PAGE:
Anyone involved in education who wants to learn more about digital literacy, the capabilities, attitudes and behaviours that define it and how it can be assessed and harnessed to enhance workforce development.
- How is digital literacy defined? Film and discussion;
- How has HEE tackled digital literacy for healthcare learners? What has been learned? Discussion;
- In what ways is being digitally literate empowering? Group work;
- How can the digital literacy of the workforce be assessed? Group work;
- How digitally literate are you? Group work.
Delegates will be able to:
- define digital literacy and understand the importance of empowering individuals;
- understand the digital literacy work of HEE;
- identify specific capabilities, attitudes and behaviours associated with different levels of digital capability;
- assess their own and others’ digital literacy.
It is no longer possible to think about digital literacy as just technical proficiency or the preserve of a few informatics professionals. In health and social care particularly, the workforce must have sound digital skills to provide the best care and ensure effective personal and professional development (NIB, 2015).
Innovations in education and technology will require the existing workforce to adapt to and adopt new ways of working. By building excellent digital skills and the right attitudes and behaviours, the adoption of new digital tools and technologies can be dramatically improved (Ecorys UK, 2016).
Health Education England’s work involved exploring what is meant by the term “digital literacy” and what skills the current and future workforce might need, drawing on previous work by Jisc (2014) and Beetham (2010). From this initial research, a definition and domains of capability were established and tested with a number of healthcare workforce groups, including nurses and pharmacists.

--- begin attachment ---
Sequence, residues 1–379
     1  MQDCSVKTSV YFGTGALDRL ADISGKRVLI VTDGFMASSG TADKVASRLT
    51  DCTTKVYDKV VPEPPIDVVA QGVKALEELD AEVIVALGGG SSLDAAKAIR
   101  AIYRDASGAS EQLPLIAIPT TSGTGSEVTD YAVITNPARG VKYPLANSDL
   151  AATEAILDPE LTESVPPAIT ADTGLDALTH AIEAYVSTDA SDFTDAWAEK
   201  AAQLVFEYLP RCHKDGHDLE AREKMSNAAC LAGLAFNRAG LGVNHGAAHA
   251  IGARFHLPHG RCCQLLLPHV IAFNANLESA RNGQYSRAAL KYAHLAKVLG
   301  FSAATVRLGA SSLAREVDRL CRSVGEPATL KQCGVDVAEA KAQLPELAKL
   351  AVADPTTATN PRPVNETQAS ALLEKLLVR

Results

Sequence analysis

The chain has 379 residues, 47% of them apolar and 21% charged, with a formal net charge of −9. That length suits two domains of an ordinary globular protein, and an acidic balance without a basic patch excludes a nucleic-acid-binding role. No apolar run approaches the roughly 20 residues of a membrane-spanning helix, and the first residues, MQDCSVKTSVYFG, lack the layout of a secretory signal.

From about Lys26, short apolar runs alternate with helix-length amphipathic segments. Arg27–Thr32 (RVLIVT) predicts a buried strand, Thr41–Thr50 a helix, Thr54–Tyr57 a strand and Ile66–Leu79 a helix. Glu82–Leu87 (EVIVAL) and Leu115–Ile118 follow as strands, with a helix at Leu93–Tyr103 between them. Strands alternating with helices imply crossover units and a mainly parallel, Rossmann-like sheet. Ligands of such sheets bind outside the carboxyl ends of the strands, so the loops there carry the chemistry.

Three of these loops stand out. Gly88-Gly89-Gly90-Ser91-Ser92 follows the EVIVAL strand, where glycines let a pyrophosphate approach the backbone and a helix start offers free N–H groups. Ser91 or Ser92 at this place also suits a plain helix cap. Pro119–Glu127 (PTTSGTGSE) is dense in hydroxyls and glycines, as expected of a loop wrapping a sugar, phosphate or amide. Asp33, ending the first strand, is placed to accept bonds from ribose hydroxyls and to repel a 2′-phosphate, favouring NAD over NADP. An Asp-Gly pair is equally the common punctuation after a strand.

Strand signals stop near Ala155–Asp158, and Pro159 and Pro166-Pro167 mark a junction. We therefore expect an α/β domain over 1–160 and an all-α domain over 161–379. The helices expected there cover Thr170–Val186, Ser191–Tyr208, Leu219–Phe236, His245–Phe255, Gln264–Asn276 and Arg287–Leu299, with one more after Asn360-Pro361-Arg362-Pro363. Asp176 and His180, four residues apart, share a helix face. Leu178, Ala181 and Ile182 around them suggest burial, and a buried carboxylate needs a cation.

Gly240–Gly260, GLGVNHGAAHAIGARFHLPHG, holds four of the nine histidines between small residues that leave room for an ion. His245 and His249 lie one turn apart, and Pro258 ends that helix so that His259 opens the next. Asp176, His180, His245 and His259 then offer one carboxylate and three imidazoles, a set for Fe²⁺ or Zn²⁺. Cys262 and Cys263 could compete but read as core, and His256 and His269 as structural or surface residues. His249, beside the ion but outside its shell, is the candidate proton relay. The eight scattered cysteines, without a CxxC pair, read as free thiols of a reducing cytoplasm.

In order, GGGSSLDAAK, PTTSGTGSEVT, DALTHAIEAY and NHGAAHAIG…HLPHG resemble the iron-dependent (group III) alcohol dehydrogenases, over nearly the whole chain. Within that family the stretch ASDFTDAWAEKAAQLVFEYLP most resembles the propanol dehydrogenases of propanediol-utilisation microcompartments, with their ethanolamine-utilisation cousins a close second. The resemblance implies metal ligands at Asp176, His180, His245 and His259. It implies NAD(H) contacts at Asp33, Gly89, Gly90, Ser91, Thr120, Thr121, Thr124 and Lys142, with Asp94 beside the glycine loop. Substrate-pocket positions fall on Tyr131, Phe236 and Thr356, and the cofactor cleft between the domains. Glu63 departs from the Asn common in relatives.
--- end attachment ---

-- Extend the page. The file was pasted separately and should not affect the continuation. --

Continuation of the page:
Health Education England defines digital literacy as “the capabilities that fit individuals for living, working, participating and thriving in a digital workplace and society” and has identified six domains which support individuals in health and care to become digitally literate. Individuals who took part in the testing identified strengths and weaknesses against each of the domains and developed “I can” statements to understand how the domains may translate to their role, for example “I can edit patient notes on a laptop”.
Based on the testing of these domains, it has become clear that there are varying levels of confidence and competence in digital and there are relatively few support mechanisms and learning materials available to help individuals in health and care to improve their digital literacy. Future work in the field will need to establish what learning tools could be used to support and improve the uptake of digital.
Beetham, H. (2010) Review and Scoping Study for a cross-Jisc Learning and Digital Literacies Programme: Sept 2010 [online]. Jisc. http://www.webarchive.org.uk/wayback/archive/20140614144922/http://www.jisc.ac.uk/media/documents/programmes/elearning/DigitalLiteraciesReview.pdf (Accessed: 06/06/2017)
Ecorys UK. (2016) Digital skills for the UK economy [online]. Department of Business Innovation & Skills and Department of Culture Media & Sport. Available at: https://www.gov.uk/government/uploads/system/uploads/attachment_data/file/492889/DCMSDigitalSkillsReportJan2016.pdf(Accessed: 06/06/2017)
Jisc. (2014) Developing digital literacies [online]. https://www.jisc.ac.uk/guides/developing-digital-literacies (Accessed: 06/06/2017)
NIB. (2015) Building a Digital Ready Workforce (BDRW) Roadmap: Support care professionals to make the best use of data and technology. Chapter 10 of Personalised Health and Care 2020 [online]. Available at: https://www.gov.uk/government/uploads/system/uploads/attachment_data/file/442827/Work_Stream_6.pdf (Accessed: 06/06/2017)